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Florida Approves Revisions to Common Core Education Standards

The State Education Board approved several Common Core tweaks during a heated meeting.

By Katherine Rosenberg

Florida's State Board of Education voted unanimously Tuesday morning to amend the Common Core State Standards, a move that opponents said won't end the debate over the educational benchmarks.

"The standards go into place, and next month we expect to have the assessment in place," said Joe Follick, spokesman for Education Commissioner Pam Stewart's office, noting that 100 amendments -- the big changes including cursive handwriting and calculus curriculums -- have been added to the standards adopted in 2010.

"It will become clear that it's really about making sure our children are set up for success in college and career. Teachers have embraced these standards and hopefully after (the vote) we can focus on what this means for kids."

But hours after the meeting, held at the Orange County School District offices in Orlando, the Florida Stop Common Core Coalition, a statewide organization that seeks to stop the implementation of the standards, launched a new initiative with a website that will allow visitors to automatically send an email to Stewart, Gov. Rick Scott and local legislators requesting that they "co-sponsor and support legislation to Stop Common Core in Florida during the 2014 session."

The organization believes the standards and assessments are "experimental," "remove local control of education" and the standards are "substandard," according to its website.

"The vote result was expected by all the activists, but we were there just to send a message that this is not the end for us," said Naples parent and Common Core opponent, Erika Donalds, who hopes the movement to get legislators involved will ramp up between now and when the legislative session begins March 4.

Donalds said the State Board of Education members are in volunteer, appointed positions and they are not as responsive to citizens as elected officials can and will be to their voting constituents -- a theme reiterated in many of the public comments at Tuesday's meeting.

"Between now and March 4, I would like to see hundreds, if not thousands, of emails coming from website to the Governor, the Commissioner and representatives, so they see what kind of opposition there is inside their communities," Donalds said.

She said many busy parents are against Common Core, but don't know where to begin to influence a change. Florida Stop Common Core Coalition will provide a means to take action, she said, adding they also plan to unleash a united front statewide, with bumper stickers, yard signs, pamphlets and information sessions.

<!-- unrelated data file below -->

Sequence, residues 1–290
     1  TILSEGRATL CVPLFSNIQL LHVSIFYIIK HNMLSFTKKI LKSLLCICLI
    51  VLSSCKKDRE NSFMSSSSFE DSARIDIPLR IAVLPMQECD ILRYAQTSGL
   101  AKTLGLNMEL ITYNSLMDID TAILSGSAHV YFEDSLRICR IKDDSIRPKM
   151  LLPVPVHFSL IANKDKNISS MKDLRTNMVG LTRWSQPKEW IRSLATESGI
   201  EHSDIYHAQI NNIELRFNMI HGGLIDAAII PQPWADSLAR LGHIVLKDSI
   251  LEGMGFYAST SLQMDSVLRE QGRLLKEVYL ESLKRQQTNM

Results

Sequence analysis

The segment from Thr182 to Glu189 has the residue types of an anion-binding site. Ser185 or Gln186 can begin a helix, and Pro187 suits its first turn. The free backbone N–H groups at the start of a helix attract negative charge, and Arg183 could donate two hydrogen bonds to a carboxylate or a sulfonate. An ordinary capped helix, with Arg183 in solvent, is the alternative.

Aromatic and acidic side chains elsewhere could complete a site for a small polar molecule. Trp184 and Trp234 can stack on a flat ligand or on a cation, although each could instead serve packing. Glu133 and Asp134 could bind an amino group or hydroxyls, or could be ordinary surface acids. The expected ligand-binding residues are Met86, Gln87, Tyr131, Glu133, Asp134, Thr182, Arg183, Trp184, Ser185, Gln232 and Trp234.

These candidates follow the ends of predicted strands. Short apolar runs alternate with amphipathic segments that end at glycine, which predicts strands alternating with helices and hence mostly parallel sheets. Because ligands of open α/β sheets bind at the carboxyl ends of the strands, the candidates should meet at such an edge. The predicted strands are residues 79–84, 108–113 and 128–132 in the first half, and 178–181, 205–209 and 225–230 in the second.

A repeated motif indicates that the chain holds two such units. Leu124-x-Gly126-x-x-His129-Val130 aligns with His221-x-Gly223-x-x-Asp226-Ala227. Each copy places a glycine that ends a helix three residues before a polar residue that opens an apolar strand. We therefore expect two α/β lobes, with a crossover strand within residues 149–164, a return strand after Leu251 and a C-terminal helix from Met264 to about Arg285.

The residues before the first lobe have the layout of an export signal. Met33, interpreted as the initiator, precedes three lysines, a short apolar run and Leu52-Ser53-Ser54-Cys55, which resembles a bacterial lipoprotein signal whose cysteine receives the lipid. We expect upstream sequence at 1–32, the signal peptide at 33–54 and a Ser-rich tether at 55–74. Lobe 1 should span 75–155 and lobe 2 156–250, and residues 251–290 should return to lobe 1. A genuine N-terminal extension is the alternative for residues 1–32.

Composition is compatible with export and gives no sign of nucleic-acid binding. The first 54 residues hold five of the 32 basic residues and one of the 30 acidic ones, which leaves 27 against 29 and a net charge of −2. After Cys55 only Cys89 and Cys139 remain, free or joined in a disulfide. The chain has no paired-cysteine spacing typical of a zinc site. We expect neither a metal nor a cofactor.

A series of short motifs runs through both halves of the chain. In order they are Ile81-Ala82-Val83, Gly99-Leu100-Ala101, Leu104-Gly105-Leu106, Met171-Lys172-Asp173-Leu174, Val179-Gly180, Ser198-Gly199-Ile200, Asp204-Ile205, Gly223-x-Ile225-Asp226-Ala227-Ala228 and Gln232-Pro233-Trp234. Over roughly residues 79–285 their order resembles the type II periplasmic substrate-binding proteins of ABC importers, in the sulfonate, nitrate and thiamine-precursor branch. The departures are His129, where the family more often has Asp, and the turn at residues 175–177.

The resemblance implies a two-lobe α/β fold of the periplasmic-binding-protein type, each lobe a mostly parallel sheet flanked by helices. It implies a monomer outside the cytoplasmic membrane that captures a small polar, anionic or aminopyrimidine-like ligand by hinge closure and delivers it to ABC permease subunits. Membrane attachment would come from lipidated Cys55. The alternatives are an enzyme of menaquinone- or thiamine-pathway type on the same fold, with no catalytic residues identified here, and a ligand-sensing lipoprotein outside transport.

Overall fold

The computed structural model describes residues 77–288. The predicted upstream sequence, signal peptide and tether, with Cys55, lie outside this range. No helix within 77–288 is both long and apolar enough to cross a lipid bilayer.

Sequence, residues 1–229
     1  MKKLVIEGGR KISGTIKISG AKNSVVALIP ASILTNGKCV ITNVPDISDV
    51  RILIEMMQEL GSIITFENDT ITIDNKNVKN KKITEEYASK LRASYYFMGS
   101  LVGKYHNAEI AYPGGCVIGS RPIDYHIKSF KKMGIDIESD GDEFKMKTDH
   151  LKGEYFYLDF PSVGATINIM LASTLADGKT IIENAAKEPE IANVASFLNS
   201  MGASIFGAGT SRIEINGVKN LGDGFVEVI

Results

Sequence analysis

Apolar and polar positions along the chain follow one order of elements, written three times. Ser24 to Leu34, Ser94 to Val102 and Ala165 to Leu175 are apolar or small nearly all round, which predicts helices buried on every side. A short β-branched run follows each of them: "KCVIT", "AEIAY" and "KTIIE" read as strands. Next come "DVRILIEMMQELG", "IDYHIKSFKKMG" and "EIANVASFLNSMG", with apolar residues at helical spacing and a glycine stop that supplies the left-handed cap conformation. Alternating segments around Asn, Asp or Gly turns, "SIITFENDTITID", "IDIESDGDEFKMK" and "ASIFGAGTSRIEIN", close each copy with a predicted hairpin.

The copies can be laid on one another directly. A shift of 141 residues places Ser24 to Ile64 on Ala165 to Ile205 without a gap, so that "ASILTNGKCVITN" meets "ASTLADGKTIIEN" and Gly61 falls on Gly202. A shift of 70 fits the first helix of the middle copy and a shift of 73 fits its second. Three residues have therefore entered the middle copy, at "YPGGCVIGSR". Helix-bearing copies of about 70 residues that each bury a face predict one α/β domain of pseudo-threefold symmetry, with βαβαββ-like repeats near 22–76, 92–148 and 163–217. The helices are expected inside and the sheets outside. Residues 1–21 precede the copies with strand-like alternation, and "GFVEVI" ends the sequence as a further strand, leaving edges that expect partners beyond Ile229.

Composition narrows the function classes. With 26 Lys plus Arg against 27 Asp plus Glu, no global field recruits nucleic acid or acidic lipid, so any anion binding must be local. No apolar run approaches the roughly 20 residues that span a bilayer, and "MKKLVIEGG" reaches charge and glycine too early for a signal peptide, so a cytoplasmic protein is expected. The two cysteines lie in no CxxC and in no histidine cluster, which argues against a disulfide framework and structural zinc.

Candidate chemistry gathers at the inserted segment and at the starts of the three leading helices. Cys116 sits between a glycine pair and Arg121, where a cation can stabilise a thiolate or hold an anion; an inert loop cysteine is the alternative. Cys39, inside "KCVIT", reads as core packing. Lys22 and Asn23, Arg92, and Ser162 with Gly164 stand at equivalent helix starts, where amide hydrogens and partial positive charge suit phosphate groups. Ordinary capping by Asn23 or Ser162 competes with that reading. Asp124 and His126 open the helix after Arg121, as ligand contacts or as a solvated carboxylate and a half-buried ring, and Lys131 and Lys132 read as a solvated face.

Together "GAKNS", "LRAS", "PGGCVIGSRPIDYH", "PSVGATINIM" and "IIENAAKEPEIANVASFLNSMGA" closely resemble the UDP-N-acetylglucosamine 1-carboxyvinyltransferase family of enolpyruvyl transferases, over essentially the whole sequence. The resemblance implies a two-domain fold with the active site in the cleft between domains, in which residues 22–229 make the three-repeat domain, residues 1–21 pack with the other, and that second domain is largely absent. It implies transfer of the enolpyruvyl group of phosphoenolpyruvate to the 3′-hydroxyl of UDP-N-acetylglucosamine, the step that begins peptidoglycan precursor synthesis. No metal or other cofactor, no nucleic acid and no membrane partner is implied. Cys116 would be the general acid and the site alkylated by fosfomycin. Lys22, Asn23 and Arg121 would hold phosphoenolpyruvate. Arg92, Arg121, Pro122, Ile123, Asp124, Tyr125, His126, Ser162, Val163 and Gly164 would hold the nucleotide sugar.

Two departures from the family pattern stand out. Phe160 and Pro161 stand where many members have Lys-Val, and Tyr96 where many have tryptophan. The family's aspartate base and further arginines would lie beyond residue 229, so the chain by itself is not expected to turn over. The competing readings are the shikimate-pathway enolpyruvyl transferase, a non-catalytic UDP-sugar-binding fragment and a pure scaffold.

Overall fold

"It's going to be a huge movement, beyond just the activists who have been involved thus far, but with regular people, regular voters," Donalds said.

For Lee County Superintendent Nancy Graham and Collier County Superintendent Kamela Patton, the vote gives districts a clear course for the future.

"I got the sense today that this decision was made for the long term," Graham said. "There's been this cloud hovering over us while we were unsure if the standards we've been using would remain ... We have standards to work with now, this is our road map and we can move forward with confidence."

Graham said the changes, such as adding cursive writing to the third grade curriculum, only reaffirm that these are meant to be standards that can be relied upon for some time. Over the course of several months and many public meetings, the Department of Education amassed 19,000 comments from Floridians who wanted to give their input on the standards, resulting in what Follick called the most widely-vetted and publicly reviewed standards he's aware of.

"I think what they did today was a reflection of all the meetings they had, and that's an indicator that they heard what the academic concerns were and tried to address them," Graham said. "I think no changes would have suggested no one was listening to all those comments."

Still, the changes only bolster existing standards, which are aligned with Common Core, and opponents say they don't do anything to reverse the mess of Common Core. Although the outcome may have felt predetermined to many public speakers, that didn't stop them from lining up for their two minutes in front of Board Chairman Gary Chartrand and other members as well as Stewart.

Stewart put focus on wanting the changes to encompass what should be known uniquely as Florida Standards. She is expected to reveal her choice for the assessment meant to measure student success with these standards before the board's March 18 meeting. Stewart addressed the board before public comment was opened to explain that Common Core could not be undone by not voting to incorporate the amendments. Stewart wanted attendees to be clear that Tuesday's vote was only about some 100 amendments to the current standards and nothing more.

"It is very important to note that the vote before you is to make the recommended changes or to leave the standards as they have been taught for the past 2 1/2 years," Stewart said. "It is not about the content of the other standards."

(c)2014 the Naples Daily News

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